It started in my first year. I was completely unfamiliar with Sacramento when I got elected. … I came from a very collegial city council where everybody worked together. There really wasn’t any main special interest that controlled the city council. And I got to Sacramento and it was a completely different situation. So there were often times I would come back from committee or from the floor or a meeting, and I would come into my office and just blurt out, “I can’t believe this!” or “Are you kidding me?” … Just express some frustration with a situation up there. And my staff finally said, “You know what? We need to record these.” …

The first one was just free-flow, I just went off on something. And then we refined it after that and started videotaping them and producing them and getting them sent out.

Have you gotten any interesting reactions to them?

Oh yeah. I have a couple rules in making those. No. 1 is, if I’m going to present a problem, I always want to present a solution. … The second thing is, as best I could, I always wanted to criticize a policy, not a person. So I endeavored to never make them personal or call out a legislator by name. That kind of helped protect my relationships with the people I’m working with, while at the same time criticizing the policies that they’re promoting.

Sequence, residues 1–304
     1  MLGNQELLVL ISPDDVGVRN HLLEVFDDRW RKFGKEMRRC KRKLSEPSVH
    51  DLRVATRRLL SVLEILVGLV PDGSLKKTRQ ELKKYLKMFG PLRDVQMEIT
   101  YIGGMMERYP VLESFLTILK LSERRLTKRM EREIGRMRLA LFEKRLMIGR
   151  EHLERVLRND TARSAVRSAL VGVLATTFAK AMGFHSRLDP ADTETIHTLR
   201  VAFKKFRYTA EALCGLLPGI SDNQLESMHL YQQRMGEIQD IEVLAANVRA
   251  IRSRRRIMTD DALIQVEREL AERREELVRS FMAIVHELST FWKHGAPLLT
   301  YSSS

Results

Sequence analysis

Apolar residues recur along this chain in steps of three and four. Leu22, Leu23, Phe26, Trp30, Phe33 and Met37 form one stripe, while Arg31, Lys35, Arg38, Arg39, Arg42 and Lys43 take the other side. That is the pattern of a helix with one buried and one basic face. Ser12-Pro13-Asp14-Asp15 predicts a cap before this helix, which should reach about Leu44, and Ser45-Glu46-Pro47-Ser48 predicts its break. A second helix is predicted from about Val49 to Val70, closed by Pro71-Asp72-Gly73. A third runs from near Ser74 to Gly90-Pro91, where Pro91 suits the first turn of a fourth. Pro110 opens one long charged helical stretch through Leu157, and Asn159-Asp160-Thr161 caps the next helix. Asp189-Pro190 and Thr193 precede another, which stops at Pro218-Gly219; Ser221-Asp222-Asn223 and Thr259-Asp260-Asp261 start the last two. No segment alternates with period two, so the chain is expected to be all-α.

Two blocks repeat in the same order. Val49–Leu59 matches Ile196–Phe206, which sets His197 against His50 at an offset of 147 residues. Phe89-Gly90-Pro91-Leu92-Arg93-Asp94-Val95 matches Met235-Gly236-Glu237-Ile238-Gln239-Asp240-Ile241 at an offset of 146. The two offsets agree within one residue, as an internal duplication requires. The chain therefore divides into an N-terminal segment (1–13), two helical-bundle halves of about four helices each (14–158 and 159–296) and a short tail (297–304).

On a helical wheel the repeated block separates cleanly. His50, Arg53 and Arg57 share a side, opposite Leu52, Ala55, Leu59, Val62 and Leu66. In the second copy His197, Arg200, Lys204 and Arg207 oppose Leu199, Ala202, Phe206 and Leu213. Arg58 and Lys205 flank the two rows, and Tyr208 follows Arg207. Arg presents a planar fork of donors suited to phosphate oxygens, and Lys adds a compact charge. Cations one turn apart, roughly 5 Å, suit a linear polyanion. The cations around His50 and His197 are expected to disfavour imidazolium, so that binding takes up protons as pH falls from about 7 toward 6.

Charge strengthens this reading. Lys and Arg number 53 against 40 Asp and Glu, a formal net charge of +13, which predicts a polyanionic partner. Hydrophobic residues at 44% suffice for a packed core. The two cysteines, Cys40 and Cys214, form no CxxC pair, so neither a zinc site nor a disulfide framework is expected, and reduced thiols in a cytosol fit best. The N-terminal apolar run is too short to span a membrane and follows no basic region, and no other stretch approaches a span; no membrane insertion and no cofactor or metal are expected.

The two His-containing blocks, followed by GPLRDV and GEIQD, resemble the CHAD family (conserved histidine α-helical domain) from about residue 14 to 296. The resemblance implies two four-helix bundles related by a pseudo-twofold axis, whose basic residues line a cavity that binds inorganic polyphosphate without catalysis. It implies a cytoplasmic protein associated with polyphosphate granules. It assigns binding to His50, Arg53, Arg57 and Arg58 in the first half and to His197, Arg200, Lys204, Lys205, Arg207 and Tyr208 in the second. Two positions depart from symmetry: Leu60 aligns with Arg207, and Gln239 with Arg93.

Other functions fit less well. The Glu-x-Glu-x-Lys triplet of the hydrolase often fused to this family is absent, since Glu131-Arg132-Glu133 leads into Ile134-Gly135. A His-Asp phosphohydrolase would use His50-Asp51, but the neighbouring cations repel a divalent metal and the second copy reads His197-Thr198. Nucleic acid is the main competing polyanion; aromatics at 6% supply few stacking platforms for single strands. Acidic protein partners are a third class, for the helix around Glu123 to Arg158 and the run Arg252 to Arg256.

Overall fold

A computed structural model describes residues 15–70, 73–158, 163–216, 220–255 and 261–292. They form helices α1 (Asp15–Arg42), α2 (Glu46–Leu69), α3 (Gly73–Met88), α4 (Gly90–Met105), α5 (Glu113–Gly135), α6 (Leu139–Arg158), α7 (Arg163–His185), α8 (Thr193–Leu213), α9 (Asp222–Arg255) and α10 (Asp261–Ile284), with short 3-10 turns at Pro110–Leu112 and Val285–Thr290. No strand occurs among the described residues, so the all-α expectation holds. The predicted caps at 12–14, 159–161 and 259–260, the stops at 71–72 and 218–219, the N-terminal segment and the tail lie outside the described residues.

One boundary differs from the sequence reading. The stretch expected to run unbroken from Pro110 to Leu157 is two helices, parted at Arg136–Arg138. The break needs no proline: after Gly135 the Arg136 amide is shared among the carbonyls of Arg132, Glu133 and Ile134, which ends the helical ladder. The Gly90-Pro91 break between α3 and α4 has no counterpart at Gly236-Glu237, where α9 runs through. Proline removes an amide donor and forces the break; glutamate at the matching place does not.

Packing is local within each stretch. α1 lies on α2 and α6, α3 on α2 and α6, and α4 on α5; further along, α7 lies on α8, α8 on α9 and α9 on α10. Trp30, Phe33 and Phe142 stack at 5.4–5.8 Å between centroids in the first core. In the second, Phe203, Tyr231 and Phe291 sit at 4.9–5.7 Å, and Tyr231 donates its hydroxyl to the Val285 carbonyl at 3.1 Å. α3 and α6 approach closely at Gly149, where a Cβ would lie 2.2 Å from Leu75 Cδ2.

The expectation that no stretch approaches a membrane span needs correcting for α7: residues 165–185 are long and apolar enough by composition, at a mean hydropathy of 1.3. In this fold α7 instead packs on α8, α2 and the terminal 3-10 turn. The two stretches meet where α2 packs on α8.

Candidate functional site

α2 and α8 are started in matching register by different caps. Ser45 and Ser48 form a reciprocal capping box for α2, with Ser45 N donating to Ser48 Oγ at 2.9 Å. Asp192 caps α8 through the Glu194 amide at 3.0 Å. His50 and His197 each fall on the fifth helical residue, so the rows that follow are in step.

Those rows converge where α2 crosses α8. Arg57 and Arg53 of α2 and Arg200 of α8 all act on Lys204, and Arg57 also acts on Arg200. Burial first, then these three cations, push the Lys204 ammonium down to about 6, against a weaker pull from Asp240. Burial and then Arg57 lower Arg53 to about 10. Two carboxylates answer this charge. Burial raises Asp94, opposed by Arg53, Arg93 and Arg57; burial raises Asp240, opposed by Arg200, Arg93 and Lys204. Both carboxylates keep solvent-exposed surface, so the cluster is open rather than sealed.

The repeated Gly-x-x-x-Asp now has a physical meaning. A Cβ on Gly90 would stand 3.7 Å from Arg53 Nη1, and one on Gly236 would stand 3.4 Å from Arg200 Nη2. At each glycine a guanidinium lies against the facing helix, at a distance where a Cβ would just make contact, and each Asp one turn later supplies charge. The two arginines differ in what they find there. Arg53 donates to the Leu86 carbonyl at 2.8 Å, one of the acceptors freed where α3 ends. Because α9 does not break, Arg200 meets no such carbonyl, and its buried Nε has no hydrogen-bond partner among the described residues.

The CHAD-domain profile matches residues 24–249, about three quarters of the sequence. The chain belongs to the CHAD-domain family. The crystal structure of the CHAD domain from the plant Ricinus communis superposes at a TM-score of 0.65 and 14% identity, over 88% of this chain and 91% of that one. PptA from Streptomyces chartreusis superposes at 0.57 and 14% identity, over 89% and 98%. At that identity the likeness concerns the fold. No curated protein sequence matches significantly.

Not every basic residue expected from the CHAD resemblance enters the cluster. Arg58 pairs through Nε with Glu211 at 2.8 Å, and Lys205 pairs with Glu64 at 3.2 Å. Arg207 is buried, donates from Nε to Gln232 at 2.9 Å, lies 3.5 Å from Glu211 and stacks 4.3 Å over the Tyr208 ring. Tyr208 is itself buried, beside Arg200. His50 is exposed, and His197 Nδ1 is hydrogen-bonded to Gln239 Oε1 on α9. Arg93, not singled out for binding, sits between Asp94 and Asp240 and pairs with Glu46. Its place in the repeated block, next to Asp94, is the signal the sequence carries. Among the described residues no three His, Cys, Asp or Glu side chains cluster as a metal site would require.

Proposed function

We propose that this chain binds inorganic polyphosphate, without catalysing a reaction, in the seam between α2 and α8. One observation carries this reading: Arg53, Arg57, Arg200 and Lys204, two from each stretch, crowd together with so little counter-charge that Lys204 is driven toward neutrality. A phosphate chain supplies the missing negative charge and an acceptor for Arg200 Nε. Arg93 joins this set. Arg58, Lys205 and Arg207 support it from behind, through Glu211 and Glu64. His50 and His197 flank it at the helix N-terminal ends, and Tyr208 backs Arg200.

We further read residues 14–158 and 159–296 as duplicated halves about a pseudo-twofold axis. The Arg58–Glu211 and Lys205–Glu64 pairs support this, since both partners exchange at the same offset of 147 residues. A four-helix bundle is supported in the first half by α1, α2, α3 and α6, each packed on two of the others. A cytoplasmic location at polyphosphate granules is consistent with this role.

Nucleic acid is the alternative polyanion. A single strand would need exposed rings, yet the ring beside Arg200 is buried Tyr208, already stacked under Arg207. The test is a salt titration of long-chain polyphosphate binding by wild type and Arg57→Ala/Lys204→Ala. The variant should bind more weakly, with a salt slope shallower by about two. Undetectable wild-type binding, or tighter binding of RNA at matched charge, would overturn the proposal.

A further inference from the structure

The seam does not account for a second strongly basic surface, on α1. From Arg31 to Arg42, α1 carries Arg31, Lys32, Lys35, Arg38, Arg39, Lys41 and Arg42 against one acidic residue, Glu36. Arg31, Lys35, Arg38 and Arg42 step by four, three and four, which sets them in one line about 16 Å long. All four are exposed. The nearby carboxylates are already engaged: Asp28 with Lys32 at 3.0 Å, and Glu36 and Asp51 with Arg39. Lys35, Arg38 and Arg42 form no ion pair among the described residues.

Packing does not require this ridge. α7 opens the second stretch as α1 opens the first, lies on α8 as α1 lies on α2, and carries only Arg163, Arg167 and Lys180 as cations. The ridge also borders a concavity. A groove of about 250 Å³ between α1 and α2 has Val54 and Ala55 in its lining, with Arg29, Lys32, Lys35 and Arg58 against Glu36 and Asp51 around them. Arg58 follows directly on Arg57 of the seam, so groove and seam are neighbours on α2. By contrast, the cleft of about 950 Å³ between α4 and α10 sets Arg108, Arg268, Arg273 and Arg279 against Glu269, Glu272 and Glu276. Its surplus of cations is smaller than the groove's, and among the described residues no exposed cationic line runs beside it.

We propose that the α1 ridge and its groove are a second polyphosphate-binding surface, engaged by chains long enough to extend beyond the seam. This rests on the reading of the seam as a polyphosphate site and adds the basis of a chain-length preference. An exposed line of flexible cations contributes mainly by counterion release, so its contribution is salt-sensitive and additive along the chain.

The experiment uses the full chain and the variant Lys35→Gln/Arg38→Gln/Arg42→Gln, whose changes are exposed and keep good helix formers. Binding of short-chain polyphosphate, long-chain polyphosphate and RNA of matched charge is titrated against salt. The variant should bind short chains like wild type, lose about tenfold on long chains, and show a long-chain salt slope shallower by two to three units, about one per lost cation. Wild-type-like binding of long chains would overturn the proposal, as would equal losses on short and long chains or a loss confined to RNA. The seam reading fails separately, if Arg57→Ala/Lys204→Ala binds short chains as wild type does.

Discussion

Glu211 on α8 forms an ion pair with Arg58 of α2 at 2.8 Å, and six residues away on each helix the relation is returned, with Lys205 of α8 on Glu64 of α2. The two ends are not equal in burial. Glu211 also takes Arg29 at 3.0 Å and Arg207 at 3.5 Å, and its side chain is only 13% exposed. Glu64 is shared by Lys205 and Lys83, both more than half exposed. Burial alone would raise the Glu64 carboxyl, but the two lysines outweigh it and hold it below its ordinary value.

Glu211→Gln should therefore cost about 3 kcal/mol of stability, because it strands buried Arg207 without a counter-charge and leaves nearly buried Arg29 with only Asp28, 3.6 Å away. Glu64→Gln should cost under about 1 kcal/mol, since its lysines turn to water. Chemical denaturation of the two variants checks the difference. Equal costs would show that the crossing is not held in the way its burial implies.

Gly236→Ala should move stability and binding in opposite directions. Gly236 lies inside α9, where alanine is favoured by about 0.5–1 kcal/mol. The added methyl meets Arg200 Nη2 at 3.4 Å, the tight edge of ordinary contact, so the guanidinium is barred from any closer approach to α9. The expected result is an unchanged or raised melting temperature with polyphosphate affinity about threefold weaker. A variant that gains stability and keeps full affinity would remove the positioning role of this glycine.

There’s been a couple of members who took them more personal than I meant for them to take them. So I had to iron out those situations. But for the most part people reacted similar to how you reacted. Obviously the people in my district love them and appreciate that I’m communicating what’s really happening up there.